The dosage of the compounds of formula I and II of this invention will vary with the particular compound chosen and the form of administration. Furthermore, it will vary with the particular host under treatment. Generally, the compounds of this invention are administered at a concentration level that afford protective effects without any deleterious side effects. For example, the effective amount of compound can usually range from about 10 to about 250 mg/kg body weight per day administered once daily or divided into two to four administrations per week. The optimum dosage for the individual subject being treated will be determined by the person responsible for treatment, generally smaller doses being administered initially and thereafter increments made to determine the most suitable dosage.
Also embraced by the present invention are pharmaceutical compositions, comprising a mixture of a compound by formulas I or II, or a pharmaceutically cationic salt thereof, and a pharmaceutically acceptable carrier, which can be used according to the preceding method.
The novel 2,4-thiazolidinediones of the present invention can be prepared by the processes described hereinafter.
The compounds of formulas I and II form cationic salts with suitable therapeutically acceptable inorganic and organic bases. These derived salts possess the same activity as their parent acid and are included within the scope of this invention. Suitable inorganic bases to form these salts include, for example, the hydroxides, carbonates or bicarbonates of the therapeutically acceptable alkali metals or alkaline earth metals such as sodium, potassium, magnesium, calcium and the like. Suitable organic bases include amines such as benzathine (N,N1 -dibenzylethylenediamine), choline, diethanolamine, ethylenediamine, meglumine (N-methylglucamine), benethamine (N-benzylphenethylamine), diethylamine, piperazine, tromethamine (2-amino-2-hydroxymethyl-1,3-propanediol) procaine, etc. Furthermore, there may be mentioned the quarternary salts, for example, the tetralkyl (e.g. tetramethyl), alkyl-alkanol (e.g. methyltriethanol) and cyclic (e.g. N,N-dimethylmorpholine) ammonium salts. In principle, however, there can be used all the ammonium salts which are physiologically compatible.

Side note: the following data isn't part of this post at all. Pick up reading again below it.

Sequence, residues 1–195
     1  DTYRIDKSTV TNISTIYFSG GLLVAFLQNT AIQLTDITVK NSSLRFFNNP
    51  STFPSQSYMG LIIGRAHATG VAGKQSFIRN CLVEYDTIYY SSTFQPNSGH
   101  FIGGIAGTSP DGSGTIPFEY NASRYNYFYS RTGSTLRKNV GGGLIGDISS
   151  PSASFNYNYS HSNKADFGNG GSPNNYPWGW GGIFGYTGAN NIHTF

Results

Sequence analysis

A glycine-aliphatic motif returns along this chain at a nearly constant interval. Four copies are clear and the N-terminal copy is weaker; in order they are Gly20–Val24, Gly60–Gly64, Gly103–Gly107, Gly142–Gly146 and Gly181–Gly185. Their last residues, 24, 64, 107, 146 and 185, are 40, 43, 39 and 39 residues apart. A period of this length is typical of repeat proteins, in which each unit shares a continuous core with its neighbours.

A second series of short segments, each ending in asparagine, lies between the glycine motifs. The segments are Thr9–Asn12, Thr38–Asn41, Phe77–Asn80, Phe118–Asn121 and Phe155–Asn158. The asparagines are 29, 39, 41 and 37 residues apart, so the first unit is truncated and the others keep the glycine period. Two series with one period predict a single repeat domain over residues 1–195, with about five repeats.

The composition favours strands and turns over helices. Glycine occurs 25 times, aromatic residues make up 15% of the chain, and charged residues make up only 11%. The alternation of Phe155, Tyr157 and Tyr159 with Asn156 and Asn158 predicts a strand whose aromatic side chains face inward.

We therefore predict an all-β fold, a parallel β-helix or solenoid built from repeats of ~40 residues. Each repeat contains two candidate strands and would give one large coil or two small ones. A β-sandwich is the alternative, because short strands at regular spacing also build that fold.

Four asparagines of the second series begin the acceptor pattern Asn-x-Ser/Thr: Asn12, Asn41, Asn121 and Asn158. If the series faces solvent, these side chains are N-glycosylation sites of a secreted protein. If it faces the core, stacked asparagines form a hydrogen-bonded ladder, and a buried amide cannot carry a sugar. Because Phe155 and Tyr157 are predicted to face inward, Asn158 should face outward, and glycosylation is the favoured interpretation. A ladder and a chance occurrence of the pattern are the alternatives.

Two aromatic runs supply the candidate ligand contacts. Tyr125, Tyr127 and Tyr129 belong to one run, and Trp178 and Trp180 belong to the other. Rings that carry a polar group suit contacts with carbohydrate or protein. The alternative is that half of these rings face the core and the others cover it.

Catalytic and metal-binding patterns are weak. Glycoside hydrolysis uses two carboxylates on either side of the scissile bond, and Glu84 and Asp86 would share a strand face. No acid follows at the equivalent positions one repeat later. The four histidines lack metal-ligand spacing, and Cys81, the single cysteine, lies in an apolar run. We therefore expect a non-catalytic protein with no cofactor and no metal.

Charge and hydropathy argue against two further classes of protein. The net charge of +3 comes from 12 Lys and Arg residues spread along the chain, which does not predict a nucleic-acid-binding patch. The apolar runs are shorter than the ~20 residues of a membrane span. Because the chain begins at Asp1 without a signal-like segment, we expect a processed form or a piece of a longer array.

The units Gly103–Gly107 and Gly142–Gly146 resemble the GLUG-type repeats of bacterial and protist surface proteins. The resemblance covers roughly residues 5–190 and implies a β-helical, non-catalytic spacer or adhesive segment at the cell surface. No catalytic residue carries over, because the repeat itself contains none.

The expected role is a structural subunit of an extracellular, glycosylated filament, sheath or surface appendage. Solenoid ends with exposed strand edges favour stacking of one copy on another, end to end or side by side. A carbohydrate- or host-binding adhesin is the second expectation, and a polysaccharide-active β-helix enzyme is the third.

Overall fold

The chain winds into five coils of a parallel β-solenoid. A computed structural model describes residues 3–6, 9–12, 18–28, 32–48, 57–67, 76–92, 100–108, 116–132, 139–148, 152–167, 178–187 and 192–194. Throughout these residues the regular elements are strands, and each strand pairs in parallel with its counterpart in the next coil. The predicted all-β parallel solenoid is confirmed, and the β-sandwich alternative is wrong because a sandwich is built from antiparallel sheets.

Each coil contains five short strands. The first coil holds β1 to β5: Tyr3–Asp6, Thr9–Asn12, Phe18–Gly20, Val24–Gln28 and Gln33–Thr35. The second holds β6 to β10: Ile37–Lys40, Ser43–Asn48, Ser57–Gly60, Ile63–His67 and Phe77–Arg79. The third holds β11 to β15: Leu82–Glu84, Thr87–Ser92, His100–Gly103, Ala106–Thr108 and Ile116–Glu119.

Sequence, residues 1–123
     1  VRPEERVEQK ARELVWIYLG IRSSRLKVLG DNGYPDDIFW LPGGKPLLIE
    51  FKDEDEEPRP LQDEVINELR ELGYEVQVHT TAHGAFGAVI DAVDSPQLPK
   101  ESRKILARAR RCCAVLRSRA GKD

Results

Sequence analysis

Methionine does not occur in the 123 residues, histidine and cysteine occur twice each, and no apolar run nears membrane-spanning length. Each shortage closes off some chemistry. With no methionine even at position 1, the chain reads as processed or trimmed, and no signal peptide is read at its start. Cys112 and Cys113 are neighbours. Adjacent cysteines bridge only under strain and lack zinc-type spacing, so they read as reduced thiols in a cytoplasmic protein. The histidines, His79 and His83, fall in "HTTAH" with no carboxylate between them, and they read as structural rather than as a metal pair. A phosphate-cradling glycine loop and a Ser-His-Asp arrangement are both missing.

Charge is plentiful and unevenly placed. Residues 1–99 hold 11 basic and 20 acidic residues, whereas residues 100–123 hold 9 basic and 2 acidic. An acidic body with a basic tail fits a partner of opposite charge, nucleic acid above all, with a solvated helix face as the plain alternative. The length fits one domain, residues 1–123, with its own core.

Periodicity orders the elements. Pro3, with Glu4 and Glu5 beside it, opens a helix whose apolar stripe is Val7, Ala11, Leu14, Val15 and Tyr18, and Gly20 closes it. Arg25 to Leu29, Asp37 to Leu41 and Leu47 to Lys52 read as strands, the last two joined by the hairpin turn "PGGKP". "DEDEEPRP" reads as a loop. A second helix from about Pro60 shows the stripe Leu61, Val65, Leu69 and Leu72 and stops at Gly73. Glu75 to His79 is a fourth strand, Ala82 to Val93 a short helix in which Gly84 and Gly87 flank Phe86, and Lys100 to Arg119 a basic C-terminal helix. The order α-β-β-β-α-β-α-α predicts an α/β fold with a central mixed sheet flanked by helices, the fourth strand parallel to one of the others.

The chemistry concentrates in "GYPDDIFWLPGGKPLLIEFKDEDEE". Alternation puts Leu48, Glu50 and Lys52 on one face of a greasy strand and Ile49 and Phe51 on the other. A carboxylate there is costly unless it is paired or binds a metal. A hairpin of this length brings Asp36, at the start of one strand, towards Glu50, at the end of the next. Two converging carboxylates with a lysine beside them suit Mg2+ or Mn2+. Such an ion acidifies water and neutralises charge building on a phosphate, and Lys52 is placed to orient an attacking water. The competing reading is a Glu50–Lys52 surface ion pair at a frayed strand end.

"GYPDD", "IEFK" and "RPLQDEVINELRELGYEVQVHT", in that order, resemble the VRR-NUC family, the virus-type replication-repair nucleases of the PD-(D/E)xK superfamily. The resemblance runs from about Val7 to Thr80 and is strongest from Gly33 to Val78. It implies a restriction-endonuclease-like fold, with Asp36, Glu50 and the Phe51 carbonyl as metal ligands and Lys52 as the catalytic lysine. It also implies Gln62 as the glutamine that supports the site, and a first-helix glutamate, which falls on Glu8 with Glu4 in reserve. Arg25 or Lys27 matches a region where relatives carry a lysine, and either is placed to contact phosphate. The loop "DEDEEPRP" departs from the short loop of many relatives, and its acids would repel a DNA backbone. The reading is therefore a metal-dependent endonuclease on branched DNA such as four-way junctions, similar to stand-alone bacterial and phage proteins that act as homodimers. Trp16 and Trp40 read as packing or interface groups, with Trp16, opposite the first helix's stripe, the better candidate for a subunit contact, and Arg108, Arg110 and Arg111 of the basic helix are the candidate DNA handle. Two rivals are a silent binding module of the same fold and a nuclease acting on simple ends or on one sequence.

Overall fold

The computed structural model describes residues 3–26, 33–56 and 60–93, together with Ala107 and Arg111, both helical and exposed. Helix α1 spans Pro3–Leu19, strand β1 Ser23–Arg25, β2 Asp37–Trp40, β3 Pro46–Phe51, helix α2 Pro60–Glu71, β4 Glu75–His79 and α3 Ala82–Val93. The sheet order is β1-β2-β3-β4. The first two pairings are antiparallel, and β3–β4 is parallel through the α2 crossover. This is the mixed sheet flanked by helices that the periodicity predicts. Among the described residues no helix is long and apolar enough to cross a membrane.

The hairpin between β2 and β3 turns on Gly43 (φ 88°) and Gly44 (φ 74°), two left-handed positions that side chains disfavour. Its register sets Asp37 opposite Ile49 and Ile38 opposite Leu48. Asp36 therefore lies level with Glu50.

Transformations to the corresponding salts are readily carried out by reacting the acid form of the compounds of formulas I or II with an appropriate base, usually one equivalent, in a cosolvent. The salt is isolated by concentration to dryness or by adding of a non-solvent. For example, in the case or inorganic salts, it is preferred to dissolve the acid of formula I or II in water containing a hydroxide, carbonate or bicarbonate corresponding to the inorganic salt desired. Evaporation of the solution or addition of a water-miscible solvent of more moderate polarity, for example, a lower alkanol such as butanol, or a lower alkanone such as ethyl methyl ketone, gives the solid inorganic salt. In the case of an amine salt, it is preferred to use a cosolvent of moderate or low polarity such as ethanol, ethylacetate and benzene. Evaporation of the solvent or addition of a miscible diluent of lower polarity such as benzene or n-hexane gives the solid salt. Quaternary ammonium salts may be prepared by mixing the acid of formula I or II with a quarternary ammonium hydroxide in water solution followed by evaporation of the water.